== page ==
The Development of Small Scale Hapa Culture of Tilapia (Oreochromis niloticus) in Northeastern Thailand II. The Feasibility of Using Low-Cost Compound Feeds
In two experiments, the use of two commercial feeds and six compound diets with rice bran as the bulk ingredient was evaluated for small-scale cage culture of tilapia (Oreochromis niloticus) in northeastern Thailand.
In the first experiment, the cost effectiveness, expressed as feed costs per kg fish produced, of a home-mixed diet (fishmeal 17%, soybean meal 30%, rice bran 53%), was better than that of the tested commercial feeds. It yielded higher returns than a commercial tilapia feed, but less of similar returns than a commercial catfish feed.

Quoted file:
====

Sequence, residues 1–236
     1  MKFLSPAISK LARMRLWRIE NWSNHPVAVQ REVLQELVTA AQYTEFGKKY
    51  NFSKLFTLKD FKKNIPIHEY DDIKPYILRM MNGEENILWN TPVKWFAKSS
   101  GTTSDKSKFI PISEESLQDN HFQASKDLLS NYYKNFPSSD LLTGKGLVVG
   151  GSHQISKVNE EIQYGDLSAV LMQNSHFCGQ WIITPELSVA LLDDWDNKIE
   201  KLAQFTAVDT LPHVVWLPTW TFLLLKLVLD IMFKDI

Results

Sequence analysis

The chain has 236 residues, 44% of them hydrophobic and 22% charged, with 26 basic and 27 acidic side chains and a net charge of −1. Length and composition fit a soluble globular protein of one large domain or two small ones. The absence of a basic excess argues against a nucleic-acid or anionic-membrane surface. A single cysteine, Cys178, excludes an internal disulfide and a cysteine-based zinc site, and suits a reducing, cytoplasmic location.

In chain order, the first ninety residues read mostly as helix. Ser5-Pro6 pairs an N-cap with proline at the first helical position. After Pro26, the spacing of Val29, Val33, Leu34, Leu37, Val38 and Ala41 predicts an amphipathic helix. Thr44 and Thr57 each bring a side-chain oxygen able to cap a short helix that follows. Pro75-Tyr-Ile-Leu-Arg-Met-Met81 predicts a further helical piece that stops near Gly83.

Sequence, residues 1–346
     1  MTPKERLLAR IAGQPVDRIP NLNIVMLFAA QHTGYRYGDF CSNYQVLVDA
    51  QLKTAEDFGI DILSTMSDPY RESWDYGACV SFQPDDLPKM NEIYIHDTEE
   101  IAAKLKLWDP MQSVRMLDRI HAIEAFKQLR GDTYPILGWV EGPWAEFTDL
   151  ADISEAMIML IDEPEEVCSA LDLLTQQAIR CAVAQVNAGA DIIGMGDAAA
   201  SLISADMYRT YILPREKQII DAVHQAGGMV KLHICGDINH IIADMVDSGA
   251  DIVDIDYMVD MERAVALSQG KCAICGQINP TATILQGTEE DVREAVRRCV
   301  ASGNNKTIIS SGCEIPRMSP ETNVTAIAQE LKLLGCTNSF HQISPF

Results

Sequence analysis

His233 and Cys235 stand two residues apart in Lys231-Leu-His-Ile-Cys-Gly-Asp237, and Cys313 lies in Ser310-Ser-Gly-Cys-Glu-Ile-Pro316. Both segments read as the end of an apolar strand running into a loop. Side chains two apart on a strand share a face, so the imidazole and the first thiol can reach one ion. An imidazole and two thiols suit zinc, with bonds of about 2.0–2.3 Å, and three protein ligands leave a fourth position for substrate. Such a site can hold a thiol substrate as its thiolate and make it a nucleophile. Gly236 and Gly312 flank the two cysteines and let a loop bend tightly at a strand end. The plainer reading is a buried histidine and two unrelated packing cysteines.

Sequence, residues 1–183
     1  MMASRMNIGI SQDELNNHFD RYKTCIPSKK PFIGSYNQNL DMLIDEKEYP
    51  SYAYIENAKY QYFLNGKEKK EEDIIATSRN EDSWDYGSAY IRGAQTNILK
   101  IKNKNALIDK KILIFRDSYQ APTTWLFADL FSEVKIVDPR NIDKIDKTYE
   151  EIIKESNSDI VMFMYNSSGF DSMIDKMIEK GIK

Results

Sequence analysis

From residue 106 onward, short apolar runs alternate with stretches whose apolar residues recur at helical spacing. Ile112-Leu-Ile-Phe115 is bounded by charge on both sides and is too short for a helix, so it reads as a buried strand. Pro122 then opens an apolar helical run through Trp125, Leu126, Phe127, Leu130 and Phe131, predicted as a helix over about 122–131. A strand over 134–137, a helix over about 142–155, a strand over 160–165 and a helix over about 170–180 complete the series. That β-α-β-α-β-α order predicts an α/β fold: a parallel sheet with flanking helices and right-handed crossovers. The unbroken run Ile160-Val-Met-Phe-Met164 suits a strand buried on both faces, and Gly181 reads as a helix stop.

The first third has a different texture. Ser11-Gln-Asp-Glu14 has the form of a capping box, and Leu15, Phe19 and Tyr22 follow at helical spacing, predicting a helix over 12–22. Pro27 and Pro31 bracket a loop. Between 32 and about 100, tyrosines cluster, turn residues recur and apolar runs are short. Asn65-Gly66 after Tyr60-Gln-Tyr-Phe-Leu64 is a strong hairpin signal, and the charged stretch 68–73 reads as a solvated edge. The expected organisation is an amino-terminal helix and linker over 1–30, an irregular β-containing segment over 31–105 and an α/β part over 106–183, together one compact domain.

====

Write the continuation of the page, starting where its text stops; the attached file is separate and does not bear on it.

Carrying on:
The second experiment attempted to decrease feeding costs by reducing the protein levels in the home-mixed diet. At the same time, the effect of partial fishmeal substitution by soybean meal was evaluated. At two levels of dietary protein (23 and 27%), a compound diet of fishmeal and rice bran was compared to a diet in which the fishmeal was partially substituted by soybean meal. Growth and feed conversion between all treatments were not significantly different. Small-scale farmers in northeastern Thailand strongly preferred low-cost feeds. Development of small-scale cage or hapa culture of tilapi there should begin with such feeds, even though less profitable.
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